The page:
The confit artichoke is abysmal. Woefully under-seasoned, it’s only the tang of the peppers that bring it back into the world of the living. We pick each petal mournfully, until we conclude that they love us not. The bitter irony is that we’d love some more bread to mop up the admittedly sumptuous juices but no, we won’t be fooled again. We know their game and we aren’t playing. Besides, when you insist on toasting the bread, there’s no mopping to be had. You’re just pushing liquids around with a brick.

Ignoring that the plates aren't even clean, this next course is mind-bending in how it tastes of next to nothing. Acid is conspicuously absent which doesn’t really compute when considering the fish is billed as ‘orange-cured’. Everything is so relentlessly underwhelming not even a ‘fun’ little edition of crispy seaweed is bringing this back. Plated to look like something you’d want to eat and pay the money for, it all feeds into the notion that we’re being duped. And how.

Here it is. The main event. The reason you’d go to a place with ‘asador’ in the name. The ‘Asador roast shoulder of Welsh lamb’ with a glossed-mahogany sauce, pan juices and a chimichurri as flat as the Netherlands. The majority of the meat flakes into its muscle groups under the weight of a spoon and is for the most part, a nice piece but I could easily imagine these being banged out in Ikea cafeteria.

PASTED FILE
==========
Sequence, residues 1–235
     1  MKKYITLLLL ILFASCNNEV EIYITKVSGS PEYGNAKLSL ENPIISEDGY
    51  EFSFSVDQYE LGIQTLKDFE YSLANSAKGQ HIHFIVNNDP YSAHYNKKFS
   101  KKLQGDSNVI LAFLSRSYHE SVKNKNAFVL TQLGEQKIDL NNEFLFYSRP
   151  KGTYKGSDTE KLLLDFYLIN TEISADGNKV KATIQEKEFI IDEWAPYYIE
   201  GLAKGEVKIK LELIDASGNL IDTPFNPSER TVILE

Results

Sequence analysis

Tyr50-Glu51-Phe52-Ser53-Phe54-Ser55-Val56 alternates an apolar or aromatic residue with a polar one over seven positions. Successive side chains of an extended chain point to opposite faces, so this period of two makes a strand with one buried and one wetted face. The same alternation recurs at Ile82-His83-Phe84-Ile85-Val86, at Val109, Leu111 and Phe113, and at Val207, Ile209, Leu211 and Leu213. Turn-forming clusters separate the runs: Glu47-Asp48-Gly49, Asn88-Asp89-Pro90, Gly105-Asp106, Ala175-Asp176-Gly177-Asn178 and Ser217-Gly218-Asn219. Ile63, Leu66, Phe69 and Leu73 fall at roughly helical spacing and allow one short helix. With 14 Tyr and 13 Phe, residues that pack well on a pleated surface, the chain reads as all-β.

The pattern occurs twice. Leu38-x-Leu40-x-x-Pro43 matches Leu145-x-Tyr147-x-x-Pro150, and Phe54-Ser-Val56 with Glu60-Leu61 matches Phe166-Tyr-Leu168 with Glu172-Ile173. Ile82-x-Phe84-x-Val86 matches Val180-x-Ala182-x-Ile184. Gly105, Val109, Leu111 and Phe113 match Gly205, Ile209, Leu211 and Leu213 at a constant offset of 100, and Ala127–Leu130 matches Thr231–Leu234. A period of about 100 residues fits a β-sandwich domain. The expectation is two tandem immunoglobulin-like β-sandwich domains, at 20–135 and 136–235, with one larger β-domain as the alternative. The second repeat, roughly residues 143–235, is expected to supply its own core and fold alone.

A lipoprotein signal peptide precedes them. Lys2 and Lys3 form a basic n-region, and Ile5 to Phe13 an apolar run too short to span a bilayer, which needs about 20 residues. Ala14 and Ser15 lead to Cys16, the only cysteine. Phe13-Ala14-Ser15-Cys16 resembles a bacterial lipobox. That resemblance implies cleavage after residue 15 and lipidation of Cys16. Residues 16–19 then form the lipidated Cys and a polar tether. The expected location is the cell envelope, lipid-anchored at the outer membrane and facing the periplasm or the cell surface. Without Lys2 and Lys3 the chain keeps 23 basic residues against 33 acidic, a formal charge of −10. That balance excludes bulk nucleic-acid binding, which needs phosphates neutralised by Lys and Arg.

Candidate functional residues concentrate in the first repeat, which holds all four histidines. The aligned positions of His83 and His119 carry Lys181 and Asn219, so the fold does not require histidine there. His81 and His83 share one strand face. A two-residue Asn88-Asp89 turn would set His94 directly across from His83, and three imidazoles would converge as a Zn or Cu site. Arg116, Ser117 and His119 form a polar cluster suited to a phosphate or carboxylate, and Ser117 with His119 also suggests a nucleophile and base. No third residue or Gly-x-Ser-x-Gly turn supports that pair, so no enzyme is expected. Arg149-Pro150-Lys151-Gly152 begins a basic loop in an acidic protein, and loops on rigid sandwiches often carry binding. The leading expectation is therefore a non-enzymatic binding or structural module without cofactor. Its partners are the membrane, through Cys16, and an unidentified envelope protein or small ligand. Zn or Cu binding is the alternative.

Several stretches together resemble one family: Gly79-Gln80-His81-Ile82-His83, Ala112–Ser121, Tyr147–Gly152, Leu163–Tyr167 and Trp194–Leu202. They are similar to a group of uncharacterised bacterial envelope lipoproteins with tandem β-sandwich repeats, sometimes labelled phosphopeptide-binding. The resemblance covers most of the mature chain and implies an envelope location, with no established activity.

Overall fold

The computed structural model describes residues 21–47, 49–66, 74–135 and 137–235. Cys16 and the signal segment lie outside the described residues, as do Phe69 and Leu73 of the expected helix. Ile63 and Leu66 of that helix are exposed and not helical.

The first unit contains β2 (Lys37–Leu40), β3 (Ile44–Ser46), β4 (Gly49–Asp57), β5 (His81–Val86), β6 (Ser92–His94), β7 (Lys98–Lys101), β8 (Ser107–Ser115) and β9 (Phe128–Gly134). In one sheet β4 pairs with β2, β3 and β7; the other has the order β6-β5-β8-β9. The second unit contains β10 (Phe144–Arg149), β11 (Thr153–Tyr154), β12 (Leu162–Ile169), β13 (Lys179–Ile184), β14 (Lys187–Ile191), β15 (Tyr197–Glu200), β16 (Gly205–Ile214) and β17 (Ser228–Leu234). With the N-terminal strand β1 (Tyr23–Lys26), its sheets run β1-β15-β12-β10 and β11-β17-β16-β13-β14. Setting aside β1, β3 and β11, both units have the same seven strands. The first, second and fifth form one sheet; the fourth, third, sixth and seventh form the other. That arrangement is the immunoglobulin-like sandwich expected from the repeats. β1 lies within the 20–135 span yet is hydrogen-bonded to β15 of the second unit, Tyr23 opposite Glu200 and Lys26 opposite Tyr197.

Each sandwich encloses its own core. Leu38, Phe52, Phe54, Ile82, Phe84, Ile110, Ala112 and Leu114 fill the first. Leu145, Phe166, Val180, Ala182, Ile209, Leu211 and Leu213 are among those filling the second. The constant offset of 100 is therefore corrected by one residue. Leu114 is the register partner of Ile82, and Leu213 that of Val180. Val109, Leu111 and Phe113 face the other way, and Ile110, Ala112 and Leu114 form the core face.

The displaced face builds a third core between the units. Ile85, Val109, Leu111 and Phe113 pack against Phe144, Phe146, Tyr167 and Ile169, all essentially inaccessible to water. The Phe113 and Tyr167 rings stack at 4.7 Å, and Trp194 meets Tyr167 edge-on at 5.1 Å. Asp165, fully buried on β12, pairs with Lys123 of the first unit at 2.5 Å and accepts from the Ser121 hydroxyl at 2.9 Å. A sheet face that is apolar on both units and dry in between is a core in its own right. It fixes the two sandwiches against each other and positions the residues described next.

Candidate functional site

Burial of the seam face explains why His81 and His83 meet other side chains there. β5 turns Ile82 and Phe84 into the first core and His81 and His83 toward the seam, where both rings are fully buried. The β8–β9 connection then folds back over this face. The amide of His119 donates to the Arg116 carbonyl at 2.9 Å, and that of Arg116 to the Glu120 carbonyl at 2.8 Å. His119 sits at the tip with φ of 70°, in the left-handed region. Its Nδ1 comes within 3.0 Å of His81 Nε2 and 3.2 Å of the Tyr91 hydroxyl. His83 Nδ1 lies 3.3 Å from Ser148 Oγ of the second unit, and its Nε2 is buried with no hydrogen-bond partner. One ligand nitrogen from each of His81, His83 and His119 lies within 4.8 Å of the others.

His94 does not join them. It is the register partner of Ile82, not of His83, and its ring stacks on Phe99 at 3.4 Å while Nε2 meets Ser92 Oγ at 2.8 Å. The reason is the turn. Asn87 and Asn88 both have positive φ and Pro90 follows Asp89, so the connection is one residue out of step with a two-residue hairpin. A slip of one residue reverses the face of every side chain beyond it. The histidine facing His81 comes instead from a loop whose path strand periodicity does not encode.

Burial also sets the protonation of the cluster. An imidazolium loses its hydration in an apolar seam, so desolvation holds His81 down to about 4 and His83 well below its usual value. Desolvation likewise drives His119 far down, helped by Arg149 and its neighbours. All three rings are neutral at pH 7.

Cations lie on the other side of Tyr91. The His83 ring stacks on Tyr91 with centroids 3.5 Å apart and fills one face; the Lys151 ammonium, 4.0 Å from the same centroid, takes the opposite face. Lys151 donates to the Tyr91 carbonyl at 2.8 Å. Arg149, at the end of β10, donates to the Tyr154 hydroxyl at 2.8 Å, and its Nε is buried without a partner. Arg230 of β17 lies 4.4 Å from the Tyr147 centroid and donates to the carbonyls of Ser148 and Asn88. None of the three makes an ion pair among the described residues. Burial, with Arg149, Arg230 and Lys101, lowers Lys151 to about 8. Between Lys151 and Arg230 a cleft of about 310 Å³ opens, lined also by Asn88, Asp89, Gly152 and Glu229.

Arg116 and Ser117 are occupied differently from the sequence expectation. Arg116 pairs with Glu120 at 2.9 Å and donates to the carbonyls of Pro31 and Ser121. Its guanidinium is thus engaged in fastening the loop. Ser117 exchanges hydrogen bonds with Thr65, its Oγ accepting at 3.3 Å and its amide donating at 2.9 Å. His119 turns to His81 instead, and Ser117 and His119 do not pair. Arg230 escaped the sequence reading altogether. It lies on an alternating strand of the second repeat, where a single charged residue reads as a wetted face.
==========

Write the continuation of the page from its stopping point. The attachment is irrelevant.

The confit jamón fat potato comes in three pieces, swirling with golden fat and speckled with jamón. Somewhere between fondant potatoes and not-being-arsed, you have this. The potato is fudgy and crisp on the top but lacks anything that elevates it past an unctuous piece of starch.

The tenderstem broccoli with morcilla and romesco sauce stirs up mixed emotions, mainly self-loathing and impatience. Although the romesco sauce is truly brilliant- balanced, slick like a compound butter and just all-round competently made, it’s all a bit sad with this fatty rubble of crumbled morcilla- all the life having been cooked out of it. The broccoli itself is al dente and supple but again, there’s no sense of occasion to it, contrary to what the ‘44’ aesthetic is trying to impress.

‘Pedro Ximénez chocolate and hazelnut tart, beef fat caramel, cherry’ is the dessert I’ve heard so much about. On paper it weaves a Great British Menu, Master Chef or generic fine dining appeal but doesn’t succeed in reality. The Edge Lord caramel is grainy and, being the ‘haute’ part of the dish, it all sort of falls flat. The pastry is cooked to Mary Berry-approved levels, the chocolate absorbing the surrounding bottomless supply of light, silky and bitter-sweet. But it also feels like it could be straight off a conveyor belt.

It’s a short review compared to the usual but, like the few of its kind, it’s emblematic of the way I feel- robbed, short-changed, hoodwinked, even.

As the conversation turns to leaving and finding the new Jollibees, the bill comes and I feel well and truly cucked. Just like Bar 44, this was a costly regret. It’s why Coppa in Clifton village has been belched into existence, because it’s now completely obvious that you can get away with this sort of tepid bollocks and people don’t bat an eye, especially if the decor is on-brand.

At least Cardiff has Jollibee’s?